FWR had a chance to talk with Dolby about his career and what drives him to always look for the next big thing in music technology.
Fort Wayne Reader: Any idea what you’re going to be focusing on for your appearance at Sweetwater?
Thomas Dolby: Given that lots of the audience are going to be musicians and music technology people, or people in the music retail industry, I’m probably going give them my perspective on having spent 35 years in both the technology and music business — tell some stories about the different collaborations and tours and albums I’ve done over the years, and my experiences in Silicon Valley as a technological entrepreneur there, and intersperse it with a few songs I can play solo by sort of jamming with my gear.
I think I’m primarily a songwriter whose instrument is the studio. I’m not a particularly virtuoso keyboard player, but I love to experiment and push the boundaries of musical genres with my songs. My songs very often tell a story — they’re quite rich in characters and places, sort of a different mythology, really, so I like to dabble in different musical styles. So I find it really helpful to get my hands on some of the latest tools and push their limits. Very often, when there’s a new technology, but nobody has yet defined how to use it — it’s kind of cool, but what do you do with it? ‘— that’s exactly when I like to step in, at the risk of making a fool of myself, and find some ways to put it to good use.
FWR: You started your company Headspace in 1993, and worked on different music technology-related products that seemed just a little ahead of the curve…
Dolby: I needed a break from the music industry, which was starting to show the cracks in the wall, in my opinion. Big record companies were really too greedy; digital downloads were just around the corner, and the record companies kind of had their heads in the sand. So the music industry was not a good place to be, but Silicon Valley was really perfect.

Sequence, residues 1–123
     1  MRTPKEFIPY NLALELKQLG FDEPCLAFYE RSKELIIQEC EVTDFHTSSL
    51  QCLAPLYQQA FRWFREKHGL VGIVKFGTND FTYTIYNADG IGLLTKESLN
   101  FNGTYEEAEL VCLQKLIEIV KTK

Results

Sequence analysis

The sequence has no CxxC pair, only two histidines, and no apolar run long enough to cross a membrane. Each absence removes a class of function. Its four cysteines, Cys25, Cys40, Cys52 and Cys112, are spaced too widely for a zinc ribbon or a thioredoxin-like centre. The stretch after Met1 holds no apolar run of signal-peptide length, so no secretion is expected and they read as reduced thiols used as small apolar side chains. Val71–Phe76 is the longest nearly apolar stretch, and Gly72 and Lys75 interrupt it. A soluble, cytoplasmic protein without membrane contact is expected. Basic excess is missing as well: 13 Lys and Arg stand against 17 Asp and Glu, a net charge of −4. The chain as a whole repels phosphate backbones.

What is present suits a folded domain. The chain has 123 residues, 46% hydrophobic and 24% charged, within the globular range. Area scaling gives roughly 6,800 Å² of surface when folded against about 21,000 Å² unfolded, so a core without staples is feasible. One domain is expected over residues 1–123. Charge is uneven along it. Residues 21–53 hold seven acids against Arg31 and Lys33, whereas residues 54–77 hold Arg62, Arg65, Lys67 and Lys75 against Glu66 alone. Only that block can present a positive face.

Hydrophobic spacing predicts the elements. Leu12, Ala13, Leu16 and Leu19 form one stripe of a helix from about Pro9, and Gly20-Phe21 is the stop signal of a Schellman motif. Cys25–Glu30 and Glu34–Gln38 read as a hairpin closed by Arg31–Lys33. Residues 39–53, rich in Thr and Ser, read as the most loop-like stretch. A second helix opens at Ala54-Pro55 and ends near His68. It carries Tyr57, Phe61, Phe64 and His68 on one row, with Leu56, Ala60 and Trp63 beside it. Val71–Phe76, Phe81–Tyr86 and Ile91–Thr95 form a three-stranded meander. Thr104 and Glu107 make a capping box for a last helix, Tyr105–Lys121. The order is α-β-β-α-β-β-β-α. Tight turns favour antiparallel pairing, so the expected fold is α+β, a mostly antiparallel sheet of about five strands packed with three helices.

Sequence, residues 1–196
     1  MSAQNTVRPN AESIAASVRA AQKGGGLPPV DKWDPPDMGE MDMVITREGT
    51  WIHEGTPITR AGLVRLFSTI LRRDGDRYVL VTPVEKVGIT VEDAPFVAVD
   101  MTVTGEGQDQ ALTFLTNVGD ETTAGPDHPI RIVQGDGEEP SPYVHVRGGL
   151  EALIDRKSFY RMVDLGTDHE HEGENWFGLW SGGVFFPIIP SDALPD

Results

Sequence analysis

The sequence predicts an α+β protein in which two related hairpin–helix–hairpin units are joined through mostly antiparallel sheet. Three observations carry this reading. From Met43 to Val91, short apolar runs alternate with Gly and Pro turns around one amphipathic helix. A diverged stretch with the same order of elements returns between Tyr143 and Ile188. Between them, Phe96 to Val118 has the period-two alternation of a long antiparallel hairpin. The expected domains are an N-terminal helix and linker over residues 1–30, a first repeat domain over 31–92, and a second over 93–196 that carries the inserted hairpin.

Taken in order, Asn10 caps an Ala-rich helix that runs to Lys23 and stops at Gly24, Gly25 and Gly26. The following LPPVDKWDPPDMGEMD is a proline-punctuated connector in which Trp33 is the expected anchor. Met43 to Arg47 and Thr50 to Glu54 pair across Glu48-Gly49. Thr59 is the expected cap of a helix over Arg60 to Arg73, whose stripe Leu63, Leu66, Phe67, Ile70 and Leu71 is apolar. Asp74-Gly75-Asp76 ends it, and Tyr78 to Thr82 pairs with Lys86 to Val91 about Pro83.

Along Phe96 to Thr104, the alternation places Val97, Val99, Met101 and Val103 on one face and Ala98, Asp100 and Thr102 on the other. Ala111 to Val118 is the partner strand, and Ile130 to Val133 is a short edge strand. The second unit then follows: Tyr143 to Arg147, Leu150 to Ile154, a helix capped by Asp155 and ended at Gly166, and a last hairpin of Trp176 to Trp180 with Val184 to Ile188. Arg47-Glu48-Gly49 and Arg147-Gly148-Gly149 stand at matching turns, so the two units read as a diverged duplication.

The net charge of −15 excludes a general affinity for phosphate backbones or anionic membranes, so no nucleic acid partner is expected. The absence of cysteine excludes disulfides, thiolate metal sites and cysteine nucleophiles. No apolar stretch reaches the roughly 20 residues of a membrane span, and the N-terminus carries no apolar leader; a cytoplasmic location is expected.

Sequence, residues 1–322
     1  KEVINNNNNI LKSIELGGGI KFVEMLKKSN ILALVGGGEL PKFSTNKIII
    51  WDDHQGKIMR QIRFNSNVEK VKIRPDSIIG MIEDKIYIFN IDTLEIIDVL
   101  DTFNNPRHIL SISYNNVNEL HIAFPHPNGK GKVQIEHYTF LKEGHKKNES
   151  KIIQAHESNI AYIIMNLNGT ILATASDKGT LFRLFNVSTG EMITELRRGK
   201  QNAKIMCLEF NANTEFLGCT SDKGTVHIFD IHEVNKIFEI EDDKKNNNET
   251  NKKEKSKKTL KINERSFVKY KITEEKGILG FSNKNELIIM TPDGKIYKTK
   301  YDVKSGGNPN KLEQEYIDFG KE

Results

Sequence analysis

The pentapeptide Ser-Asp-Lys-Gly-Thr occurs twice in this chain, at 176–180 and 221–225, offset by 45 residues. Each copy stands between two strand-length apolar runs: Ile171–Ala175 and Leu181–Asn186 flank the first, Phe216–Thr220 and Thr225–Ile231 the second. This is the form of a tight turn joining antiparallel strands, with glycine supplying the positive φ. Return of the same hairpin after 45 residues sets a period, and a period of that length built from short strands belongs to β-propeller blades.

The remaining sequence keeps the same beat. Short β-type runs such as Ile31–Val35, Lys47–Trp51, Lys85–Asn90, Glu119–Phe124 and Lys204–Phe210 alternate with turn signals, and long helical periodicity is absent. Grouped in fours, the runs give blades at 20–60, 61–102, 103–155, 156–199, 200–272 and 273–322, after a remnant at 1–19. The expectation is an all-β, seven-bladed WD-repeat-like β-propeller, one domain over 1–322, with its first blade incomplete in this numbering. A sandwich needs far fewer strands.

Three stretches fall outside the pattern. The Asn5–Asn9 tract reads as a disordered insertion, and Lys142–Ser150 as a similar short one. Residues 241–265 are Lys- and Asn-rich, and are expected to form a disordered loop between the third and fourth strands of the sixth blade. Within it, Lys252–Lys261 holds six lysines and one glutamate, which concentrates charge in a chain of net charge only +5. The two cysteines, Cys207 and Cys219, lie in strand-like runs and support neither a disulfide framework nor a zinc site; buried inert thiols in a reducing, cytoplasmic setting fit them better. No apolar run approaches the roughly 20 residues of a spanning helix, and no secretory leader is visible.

I developed basically fun new music apps, like the kind you can get on an iPhone or an iPad today, ways for non-musicians to play with music and get creative in a fun way without necessarily having a lot of musical skill.
The problem was, in those days, in the mid-90s, we were doing it on the web, where nobody ever pays for anything. So the company would probably have gone up in smoke like many dot coms at the end of the century were it not for the fact that we created this music synthesizer called Beatnik that was licensed by Nokia, the world’s largest mobile phone company, because they wanted to do polyphonic ringtones in their phones. It’s been embedded in every Nokia phone since 1999, and many of the other manufacturers as well.
FWR: How many ringtones would you say you’ve developed?
Dolby: I’d say a few hundred. But making the ringtones is really a sideline. The core business with Beatnik was the synthesizer technology that plays them. So every time you speak on the phone, or an alarm goes off, or a beep, or an MP3 file plays, or your ringtone plays, that’s probably the Beatnik synthesizer generating the sound. Some of the Beatnik licensees would ask us to create sets of ringtones that go with the phones, so we did a lot of the core default ringtones.
FWR: Many of your bios state that after you started your company, you didn’t do any music for almost 20 years. Is that correct? And if so, what made you start wanting to make music again?